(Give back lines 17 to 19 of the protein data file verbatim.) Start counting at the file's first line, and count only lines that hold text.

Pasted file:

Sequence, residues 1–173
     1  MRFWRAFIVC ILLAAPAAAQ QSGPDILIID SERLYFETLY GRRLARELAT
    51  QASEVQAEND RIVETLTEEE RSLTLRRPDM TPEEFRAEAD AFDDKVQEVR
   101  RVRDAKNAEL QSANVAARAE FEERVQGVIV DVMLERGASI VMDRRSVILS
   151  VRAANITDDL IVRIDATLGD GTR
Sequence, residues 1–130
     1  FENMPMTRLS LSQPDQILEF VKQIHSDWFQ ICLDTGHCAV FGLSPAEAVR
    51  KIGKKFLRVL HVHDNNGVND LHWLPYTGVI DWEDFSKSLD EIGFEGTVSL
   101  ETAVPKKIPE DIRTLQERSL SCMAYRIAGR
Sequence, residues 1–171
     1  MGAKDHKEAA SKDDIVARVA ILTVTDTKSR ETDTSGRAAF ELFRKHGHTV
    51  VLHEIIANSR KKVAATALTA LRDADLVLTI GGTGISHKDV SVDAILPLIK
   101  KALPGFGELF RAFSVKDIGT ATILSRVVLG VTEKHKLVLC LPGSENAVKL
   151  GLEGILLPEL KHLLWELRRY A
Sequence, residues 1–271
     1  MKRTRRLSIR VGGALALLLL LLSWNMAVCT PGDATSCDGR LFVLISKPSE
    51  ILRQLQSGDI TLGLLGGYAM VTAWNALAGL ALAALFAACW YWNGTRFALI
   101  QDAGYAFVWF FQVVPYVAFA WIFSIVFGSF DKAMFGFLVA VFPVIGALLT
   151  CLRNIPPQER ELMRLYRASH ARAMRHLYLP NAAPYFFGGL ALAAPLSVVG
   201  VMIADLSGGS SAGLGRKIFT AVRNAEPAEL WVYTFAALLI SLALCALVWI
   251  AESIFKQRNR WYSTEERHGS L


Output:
    51  ILRQLQSGDI TLGLLGGYAM VTAWNALAGL ALAALFAACW YWNGTRFALI
   101  QDAGYAFVWF FQVVPYVAFA WIFSIVFGSF DKAMFGFLVA VFPVIGALLT
   151  CLRNIPPQER ELMRLYRASH ARAMRHLYLP NAAPYFFGGL ALAAPLSVVG